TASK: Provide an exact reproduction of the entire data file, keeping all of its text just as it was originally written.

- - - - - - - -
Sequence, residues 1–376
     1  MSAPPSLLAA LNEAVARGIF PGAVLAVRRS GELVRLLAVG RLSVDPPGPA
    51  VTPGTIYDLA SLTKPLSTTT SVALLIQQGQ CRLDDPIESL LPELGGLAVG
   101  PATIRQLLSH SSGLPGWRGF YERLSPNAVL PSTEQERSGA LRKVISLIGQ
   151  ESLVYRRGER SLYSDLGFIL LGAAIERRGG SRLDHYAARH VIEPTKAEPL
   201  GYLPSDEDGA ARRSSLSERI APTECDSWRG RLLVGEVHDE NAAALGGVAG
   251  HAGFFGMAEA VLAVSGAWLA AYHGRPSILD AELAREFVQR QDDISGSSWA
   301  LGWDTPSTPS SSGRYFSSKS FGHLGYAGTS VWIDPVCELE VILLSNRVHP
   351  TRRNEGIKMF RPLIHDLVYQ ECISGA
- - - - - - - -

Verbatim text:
Sequence, residues 1–376
     1  MSAPPSLLAA LNEAVARGIF PGAVLAVRRS GELVRLLAVG RLSVDPPGPA
    51  VTPGTIYDLA SLTKPLSTTT SVALLIQQGQ CRLDDPIESL LPELGGLAVG
   101  PATIRQLLSH SSGLPGWRGF YERLSPNAVL PSTEQERSGA LRKVISLIGQ
   151  ESLVYRRGER SLYSDLGFIL LGAAIERRGG SRLDHYAARH VIEPTKAEPL
   201  GYLPSDEDGA ARRSSLSERI APTECDSWRG RLLVGEVHDE NAAALGGVAG
   251  HAGFFGMAEA VLAVSGAWLA AYHGRPSILD AELAREFVQR QDDISGSSWA
   301  LGWDTPSTPS SSGRYFSSKS FGHLGYAGTS VWIDPVCELE VILLSNRVHP
   351  TRRNEGIKMF RPLIHDLVYQ ECISGA